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Thursday, August 4, 2016

President Commutes Another 214 Sentences

drug offenses
It is no secret to Americans, or the rest of the world for that matter, that the majority of people serving time in jails and prisons are doing so for nonviolent drug offenses. This is a byproduct of draconian drug laws that has disproportionately affected minorities. For decades, the use of mandatory minimum sentences has filled up American penal centers toward critical mass.

While it is a fact that certain individuals, such as drug traffickers and manufacturers, may deserve to be in prison, the vast majority of people behind bars were guilty of being an addict. Both research and common sense tells us that prison has little effect on addiction rates, as is evident by recidivism statistics. Addiction medicine experts and a large number of lawmakers know without any doubt that addiction treatment services are the weapon against the scourge of drug use in this country.

Lawmakers across the country are working tirelessly to reverse draconian mandatory sentencing laws, and offering illicit drug users treatment instead of jail for possession charges. In the wake of the prescription opioid and heroin epidemic in the United States, affecting millions of Americans, the justice system can no longer operate as it once did. Addiction is a disease, not a crime.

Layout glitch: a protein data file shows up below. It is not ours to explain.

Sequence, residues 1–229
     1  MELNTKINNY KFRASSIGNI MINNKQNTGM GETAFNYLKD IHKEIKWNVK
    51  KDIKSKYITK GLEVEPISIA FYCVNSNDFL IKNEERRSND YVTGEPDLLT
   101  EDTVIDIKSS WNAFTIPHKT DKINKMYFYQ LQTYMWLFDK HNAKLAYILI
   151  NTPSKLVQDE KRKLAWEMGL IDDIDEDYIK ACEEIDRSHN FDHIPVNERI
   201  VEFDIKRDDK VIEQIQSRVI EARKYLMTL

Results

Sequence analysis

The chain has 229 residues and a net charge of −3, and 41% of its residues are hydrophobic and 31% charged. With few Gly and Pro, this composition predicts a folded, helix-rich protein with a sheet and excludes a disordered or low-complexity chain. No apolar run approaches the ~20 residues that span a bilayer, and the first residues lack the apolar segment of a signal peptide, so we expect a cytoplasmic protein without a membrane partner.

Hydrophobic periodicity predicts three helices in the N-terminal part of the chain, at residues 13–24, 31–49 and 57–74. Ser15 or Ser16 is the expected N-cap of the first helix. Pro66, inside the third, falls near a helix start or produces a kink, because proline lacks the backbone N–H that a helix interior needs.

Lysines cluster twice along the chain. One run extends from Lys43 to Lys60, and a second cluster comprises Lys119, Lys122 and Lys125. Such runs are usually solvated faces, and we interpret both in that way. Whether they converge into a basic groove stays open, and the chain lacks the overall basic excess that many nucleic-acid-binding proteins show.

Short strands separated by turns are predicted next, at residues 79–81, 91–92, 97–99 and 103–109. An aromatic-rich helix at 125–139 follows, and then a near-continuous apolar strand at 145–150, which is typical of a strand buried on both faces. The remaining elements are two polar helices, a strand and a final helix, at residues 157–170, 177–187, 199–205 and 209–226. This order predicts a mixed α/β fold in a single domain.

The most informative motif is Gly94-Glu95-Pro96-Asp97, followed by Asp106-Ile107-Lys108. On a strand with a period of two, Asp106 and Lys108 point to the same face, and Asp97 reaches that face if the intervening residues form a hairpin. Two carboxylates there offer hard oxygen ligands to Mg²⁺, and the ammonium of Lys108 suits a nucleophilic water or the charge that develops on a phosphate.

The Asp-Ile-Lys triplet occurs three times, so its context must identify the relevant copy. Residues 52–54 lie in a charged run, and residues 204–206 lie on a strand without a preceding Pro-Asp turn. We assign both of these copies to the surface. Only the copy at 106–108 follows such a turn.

In recent years, the current White House Administration has been working to undo the mistakes of the past. This is why President Obama has been granting commutations left and right to people serving unjust lengths of time for nonviolent drug offenses. On Wednesday, the President commuted another 214 inmates' sentences, CNN reports. This will bring the number of commutations up to 562, a greater number than the past nine presidents combined.

"This is a country that believes in second chances," Obama wrote on Facebook. "So we've got to make sure that our criminal justice system works for everyone."

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